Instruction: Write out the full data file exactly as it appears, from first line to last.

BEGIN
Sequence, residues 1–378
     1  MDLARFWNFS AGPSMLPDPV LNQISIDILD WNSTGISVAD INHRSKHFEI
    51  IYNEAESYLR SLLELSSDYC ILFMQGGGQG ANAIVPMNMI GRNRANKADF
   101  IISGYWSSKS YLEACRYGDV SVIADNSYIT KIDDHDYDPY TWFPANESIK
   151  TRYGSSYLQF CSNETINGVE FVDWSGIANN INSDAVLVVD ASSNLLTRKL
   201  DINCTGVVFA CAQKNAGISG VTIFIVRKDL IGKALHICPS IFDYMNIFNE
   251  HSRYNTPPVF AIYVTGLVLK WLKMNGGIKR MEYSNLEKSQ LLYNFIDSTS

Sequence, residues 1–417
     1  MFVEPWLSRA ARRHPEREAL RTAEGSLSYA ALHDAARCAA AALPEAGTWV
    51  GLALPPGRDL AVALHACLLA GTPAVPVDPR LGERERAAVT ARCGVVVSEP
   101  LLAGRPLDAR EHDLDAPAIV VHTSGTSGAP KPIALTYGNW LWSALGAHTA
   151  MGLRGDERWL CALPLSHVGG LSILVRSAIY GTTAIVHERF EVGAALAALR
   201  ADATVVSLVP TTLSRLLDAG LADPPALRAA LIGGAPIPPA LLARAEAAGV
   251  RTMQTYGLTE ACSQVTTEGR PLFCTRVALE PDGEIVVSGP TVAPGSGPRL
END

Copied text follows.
Sequence, residues 1–378
     1  MDLARFWNFS AGPSMLPDPV LNQISIDILD WNSTGISVAD INHRSKHFEI
    51  IYNEAESYLR SLLELSSDYC ILFMQGGGQG ANAIVPMNMI GRNRANKADF
   101  IISGYWSSKS YLEACRYGDV SVIADNSYIT KIDDHDYDPY TWFPANESIK
   151  TRYGSSYLQF CSNETINGVE FVDWSGIANN INSDAVLVVD ASSNLLTRKL
   201  DINCTGVVFA CAQKNAGISG VTIFIVRKDL IGKALHICPS IFDYMNIFNE
   251  HSRYNTPPVF AIYVTGLVLK WLKMNGGIKR MEYSNLEKSQ LLYNFIDSTS

Sequence, residues 1–417
     1  MFVEPWLSRA ARRHPEREAL RTAEGSLSYA ALHDAARCAA AALPEAGTWV
    51  GLALPPGRDL AVALHACLLA GTPAVPVDPR LGERERAAVT ARCGVVVSEP
   101  LLAGRPLDAR EHDLDAPAIV VHTSGTSGAP KPIALTYGNW LWSALGAHTA
   151  MGLRGDERWL CALPLSHVGG LSILVRSAIY GTTAIVHERF EVGAALAALR
   201  ADATVVSLVP TTLSRLLDAG LADPPALRAA LIGGAPIPPA LLARAEAAGV
   251  RTMQTYGLTE ACSQVTTEGR PLFCTRVALE PDGEIVVSGP TVAPGSGPRL